Animal Physiology and Development
The course will provide a conceptual physiological framework for understanding the lives of animals at every level of organisation. It starts with essential chemical and physical laws that govern physiological processes in animals. These provide a foundation to understand the breadth of physiology. The course illustrates how the major physiological systems function and integrate to sustain the lives of animals. Contemporary physiological research is also considered in the course. Although the basic principles and mechanisms of major physiological systems form the central theme of this course, the importance of integrating knowledge across physiology disciplines with molecular biology, behaviour, ecology and other fields is also emphasised.
- Semester 1 - 2016
- Semester 1 - 2017
On successful completion of the course students will be able to:
1. Cellular mechanisms of solute and water transport used by animals living in different environments
2. The basic processes and effects of animal cell signaling
3. The different energy requirements of an animal at rest and during exercise, and how this is reflected in the functioning of the oxygen transporting systems
4. How the cardiovascular and respiratory systems are integrated and controlled
5. How animals use aerobic and anaerobic forms of metabolism for ATP production.
6. How animals move with muscles and navigate their movement by the neural control
7. The basic control processes of the nervous and endocrine systems
8. How animals have adapted to their environment with different ways of urine formation to excrete nitrogen wastes and water
9. The importance of physiology
10. Use the light microscope to identify animal tissues and cells
11. Be able to relate the structure and function of animal tissues
12. Master tools for information-gathering from the scientific literature
13. Carry out physiological studies in the laboratory
14. Interpret physiological data and phenomena critically
15. Write a laboratory report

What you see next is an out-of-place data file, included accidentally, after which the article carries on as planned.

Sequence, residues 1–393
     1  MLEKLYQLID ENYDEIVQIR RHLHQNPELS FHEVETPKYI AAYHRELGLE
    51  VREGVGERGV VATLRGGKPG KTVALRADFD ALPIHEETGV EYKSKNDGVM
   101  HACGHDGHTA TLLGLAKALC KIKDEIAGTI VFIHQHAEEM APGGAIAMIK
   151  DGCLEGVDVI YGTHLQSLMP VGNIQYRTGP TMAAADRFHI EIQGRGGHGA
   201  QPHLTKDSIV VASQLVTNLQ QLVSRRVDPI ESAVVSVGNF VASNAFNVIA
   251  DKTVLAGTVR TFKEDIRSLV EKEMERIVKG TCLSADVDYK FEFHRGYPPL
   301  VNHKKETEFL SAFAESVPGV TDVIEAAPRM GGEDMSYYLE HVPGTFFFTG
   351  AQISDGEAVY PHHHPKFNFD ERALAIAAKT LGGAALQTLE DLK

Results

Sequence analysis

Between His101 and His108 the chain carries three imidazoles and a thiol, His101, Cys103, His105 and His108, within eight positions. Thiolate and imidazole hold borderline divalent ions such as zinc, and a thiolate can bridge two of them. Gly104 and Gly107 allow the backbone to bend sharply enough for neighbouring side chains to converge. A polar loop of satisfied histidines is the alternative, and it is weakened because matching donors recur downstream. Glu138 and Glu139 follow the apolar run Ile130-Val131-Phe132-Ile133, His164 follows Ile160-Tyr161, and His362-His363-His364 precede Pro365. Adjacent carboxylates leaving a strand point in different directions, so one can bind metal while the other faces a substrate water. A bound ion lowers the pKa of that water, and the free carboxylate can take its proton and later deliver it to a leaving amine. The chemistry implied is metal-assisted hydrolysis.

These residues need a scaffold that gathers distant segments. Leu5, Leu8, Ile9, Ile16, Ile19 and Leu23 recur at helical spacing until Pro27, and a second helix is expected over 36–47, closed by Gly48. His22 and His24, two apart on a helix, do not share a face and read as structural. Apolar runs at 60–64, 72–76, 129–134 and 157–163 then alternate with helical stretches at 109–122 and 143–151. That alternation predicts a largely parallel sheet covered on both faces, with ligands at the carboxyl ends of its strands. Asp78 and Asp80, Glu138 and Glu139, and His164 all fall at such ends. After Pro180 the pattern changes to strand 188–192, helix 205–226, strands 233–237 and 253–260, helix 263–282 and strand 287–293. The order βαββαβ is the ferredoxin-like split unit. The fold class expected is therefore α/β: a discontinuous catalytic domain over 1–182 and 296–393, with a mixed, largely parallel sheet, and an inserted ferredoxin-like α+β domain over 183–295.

- Introduction and Molecules and Cells in Animal Physiology
- Transport of Solutes and Water
- Muscle Structure
- Control of Movement
- Muscle in Human Health and Diseases
- Neural and Endocrine Control
- Neurons and Synapses
- Sensory Processes
- Animal navigation
- Nutrition and digestion
- Aerobic and Anaerobic Metabolism
- Aerobic activity and the Enertetics
- Thermal regulations
- O2 and CO2 Physiology
- Physiology of Breathing
- Transport of O2 and CO2 in Body Fluid and Acid-Base Balance
- Energy and Motion in Diverse Environments
- Water, Salt and Temperature Regulation in Diverse Environments
- Ecology and Physiology
BIOL1001 and BIOL1002
In Term Test: Progress Test
Report: Lab Reports *
Formal Examination: Final Examination *
* This assessment has a compulsory requirement.
In order to pass this course, each student must complete ALL of the following compulsory requirements:
General Course Requirements:
- Laboratory: Attendance Requirement - Students must attend a minimum number of these sessions. - Students must participate in all scheduled laboratory sessions.
- Laboratory: Induction Requirement - Students must attend and pass the induction requirements before attending these sessions. - In order to participate in this course, students must complete a compulsory safety induction.
Course Assessment Requirements:
- Report: Attempt / Submission Requirement - Students must attempt/submit this assessment item to pass the course. - Students must submit all lab reports.
- Formal Examination: Pass Requirement - Students must pass this assessment item to pass the course. - Students must obtain a passing grade of at least 50% in the final examination to demonstrate that they have acquired the theoretical knowledge and to meet course objectives 1, 2 & 3.
- Report: Pass Requirement - Students must pass this assessment item to pass the course. - Students must obtain a passing grade of at least 50% in the laboratory assessments to demonstrate that they have acquired the practical skills required to meet course objectives 4, 5 & 6.
Face to Face On Campus 24 hour(s) per Term
Face to Face On Campus 2 hour(s) per Week for Full Term